5th ACM SIGPLAN Workshop on Transactional Computing


To be held in conjunction with EuroSys 2010

April 13, 2010, Paris, France

The past five years have seen an explosion of interest in programming languages, systems, and hardware to support transactions, speculation, and related alternatives to classical lock-based concurrency. This workshop, the fifth in its series, will provide a forum for the presentation of research on all aspects of transactional computing. The scope of the workshop is intentionally broad, with the goal of encouraging interaction across the languages, architecture, systems, database, and theory communities. Papers may address implementation techniques, foundational results, applications and workloads, or experience with working systems. Environments of interest include the full range from multithreaded or multicore processors to high-end parallel computing.

This year TRANSACT is co-located with EuroSys. We are applying for in-cooperation with ACM SIGPLAN, as in the past.

Final Program

Registration and Workshop Information

For online registration, hotel information, etc., see the EuroSys homepage.


Contact the program chair.

Previous Workshops

TRANSACT 2009, Raleigh, NC
TRANSACT 2008, Salt Lake City, Utah
TRANSACT 2007, Portland, Oregon
TRANSACT 2006, Ottawa, Canada

Important Dates

Submission deadline:



January 22, 2010, 11:59PM PST (deadline is firm, but EXTENDED)

We extended the deadline because of conflicting due dates and response dates for related venues.
Sorry for the late notice - the Program Chair was out of the country.
Note: The program chair will have limited opportunity to check mail and the website over the weekend of January 23/24. If you are having submission problems or questions, don't panic; he'll get back to you as soon as he can and work to resolve the issue.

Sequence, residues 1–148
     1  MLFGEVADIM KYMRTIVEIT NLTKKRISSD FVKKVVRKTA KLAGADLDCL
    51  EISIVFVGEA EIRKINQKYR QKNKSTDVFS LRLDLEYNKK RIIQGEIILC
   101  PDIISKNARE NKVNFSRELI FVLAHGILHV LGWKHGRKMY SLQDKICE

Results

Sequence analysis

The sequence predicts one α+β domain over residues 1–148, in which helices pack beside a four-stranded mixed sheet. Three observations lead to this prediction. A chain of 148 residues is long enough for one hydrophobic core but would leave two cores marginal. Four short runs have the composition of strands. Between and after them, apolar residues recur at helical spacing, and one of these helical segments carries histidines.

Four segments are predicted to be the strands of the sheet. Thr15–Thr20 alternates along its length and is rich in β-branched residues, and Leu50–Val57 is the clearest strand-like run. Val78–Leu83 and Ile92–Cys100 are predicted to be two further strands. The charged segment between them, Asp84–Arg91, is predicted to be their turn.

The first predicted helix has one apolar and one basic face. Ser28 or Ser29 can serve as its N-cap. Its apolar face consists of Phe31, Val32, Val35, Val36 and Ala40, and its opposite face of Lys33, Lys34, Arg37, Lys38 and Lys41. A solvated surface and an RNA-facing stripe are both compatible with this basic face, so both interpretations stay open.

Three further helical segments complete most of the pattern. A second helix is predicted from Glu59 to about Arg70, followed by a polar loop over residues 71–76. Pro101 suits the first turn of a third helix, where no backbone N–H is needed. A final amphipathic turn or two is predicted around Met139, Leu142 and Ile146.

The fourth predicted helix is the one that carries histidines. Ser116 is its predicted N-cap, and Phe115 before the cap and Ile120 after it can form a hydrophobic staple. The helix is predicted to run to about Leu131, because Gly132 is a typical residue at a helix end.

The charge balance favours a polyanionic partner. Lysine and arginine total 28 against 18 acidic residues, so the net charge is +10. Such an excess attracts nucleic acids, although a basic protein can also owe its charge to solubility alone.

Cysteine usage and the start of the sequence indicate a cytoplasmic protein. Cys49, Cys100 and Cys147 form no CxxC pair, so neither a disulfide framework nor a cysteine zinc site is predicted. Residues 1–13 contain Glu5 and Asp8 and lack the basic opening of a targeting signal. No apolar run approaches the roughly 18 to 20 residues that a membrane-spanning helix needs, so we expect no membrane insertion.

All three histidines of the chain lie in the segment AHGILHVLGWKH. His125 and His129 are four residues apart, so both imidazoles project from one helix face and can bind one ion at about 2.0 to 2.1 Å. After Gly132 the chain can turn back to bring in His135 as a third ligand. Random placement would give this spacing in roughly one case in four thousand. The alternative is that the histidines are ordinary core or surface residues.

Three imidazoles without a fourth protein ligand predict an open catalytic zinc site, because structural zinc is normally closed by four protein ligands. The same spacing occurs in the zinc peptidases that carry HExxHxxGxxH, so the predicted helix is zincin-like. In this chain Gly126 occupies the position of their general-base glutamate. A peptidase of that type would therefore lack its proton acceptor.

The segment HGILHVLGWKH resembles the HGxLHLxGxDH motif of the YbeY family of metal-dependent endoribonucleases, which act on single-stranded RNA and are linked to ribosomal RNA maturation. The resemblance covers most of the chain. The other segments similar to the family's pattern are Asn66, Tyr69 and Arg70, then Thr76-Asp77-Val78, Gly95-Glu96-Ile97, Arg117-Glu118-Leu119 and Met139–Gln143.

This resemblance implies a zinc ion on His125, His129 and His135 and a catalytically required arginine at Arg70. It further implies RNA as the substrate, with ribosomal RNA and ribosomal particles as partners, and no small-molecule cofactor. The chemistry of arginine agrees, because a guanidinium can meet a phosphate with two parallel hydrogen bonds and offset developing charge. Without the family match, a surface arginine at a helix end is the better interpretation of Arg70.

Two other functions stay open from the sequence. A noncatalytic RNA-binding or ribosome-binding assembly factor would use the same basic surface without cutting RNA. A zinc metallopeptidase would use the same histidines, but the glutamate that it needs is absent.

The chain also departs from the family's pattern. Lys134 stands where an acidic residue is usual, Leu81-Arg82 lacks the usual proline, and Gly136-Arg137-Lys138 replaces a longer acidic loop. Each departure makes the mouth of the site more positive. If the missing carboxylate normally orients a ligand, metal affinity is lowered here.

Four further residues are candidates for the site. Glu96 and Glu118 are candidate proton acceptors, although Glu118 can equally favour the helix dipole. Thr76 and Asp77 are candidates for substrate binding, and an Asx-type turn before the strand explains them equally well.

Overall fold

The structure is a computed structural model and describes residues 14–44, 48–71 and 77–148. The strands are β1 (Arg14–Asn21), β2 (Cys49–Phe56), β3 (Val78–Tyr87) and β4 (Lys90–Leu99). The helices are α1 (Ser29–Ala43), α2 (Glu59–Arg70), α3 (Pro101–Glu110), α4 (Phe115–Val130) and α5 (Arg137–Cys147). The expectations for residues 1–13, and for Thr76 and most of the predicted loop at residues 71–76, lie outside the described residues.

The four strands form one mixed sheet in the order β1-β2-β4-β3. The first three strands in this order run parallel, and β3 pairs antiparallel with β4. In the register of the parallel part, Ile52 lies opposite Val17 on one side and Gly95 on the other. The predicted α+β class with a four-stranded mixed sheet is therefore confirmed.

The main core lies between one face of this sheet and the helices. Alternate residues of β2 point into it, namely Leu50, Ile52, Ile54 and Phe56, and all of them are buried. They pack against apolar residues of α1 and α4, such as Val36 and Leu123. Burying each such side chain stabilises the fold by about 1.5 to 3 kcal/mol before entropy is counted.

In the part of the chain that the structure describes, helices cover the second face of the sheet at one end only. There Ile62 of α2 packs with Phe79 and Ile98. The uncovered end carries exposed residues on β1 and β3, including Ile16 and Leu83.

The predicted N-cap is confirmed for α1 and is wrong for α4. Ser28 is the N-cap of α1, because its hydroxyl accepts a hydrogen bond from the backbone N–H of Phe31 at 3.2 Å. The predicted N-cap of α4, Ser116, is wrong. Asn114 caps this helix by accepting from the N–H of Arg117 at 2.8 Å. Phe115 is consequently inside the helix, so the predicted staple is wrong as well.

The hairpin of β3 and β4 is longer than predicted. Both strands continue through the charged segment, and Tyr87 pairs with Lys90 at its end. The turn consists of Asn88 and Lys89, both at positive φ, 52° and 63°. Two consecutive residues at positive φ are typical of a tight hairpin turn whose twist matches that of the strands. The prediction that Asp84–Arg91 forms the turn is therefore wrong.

Author notification: March 1, 2010
Final copy due: April 2, 2010
Workshop: April 13 , 2010

Full call for papers:  html   pdf   text

Submit your paper

See the call for papers for submission specifications.

General Chair

Pascal Felber , Université de Neuchâtel

Program Chair

Eliot Moss , University of Massachusetts Amherst

Program Committee

Hans Boehm, HP Labs
Cliff Click, Azul Systems
Susan Eisenbach, Imperial College, London
Babak Falsafi, EPFL
Stephen Freund, Williams College
Dan Grossman, University of Washington
Steve Hand, Cambridge University (UK)
Milind Kulkarni, Purdue University
Jan-Willem Maessen, Sun Microsystems
Maged Michael, IBM Research
Martin Schoeberl, Tech. Univ. Wien
Tatiana Shpeisman, Intel Corporation
Mike Spear, Lehigh University
Mandana Vaziri, IBM Research

Steering Committee

Babak Falsafi, EPFL
Pascal Felber, Université of Neuchâtel
Rachid Guerraoui, EPFL
Dan Grossman, University of Washington
Tim Harris, Microsoft Research
Maurice Herlihy, Brown University
Tony Hosking, Purdue University
Suresh Jagannathan, Purdue University
Doug Lea, SUNY Oswego
Maged Michael, IBM Research
Eliot Moss, University of Massachusetts
Michael Scott, University of Rochester
Jan Vitek, Purdue University
Craig Zilles, University of Illinois

Conflicts of Interest

When submitting you will be asked to indicate committee members and potential reviewers with whom you have a potential conflict of interest. We quote from the SIGPLAN policy:

"Reviewers are also faced with issues related to being able to provide an objective review. In order to protect the integrity of the review process, it is very important that even the impression of a biased review process be avoided. Specifically, a conflict of interest may prevent a reviewer from being able to provide an unbiased review. A conflict of interest is defined as a situation in which the reviewer can be viewed as being able to benefit personally in the process of reviewing a paper. For example, if a paper was written by a member of your own group, a current student, your advisor, or a group that you are seen as being in close competition with, then the outcome of the review process can have direct benefit to your own status. If a conflict of interest exists, then you should decline to review a paper.

It may also be difficult to render an objective review for personal reasons. For example, if a paper was written by an employee of the same company, a former student, or a good friend, then you may or may not feel capable of reviewing it fairly. In any case in which you feel you may not be able to objectively review a paper, you should discuss the matter with the program chair, and the two of you should resolve the issue."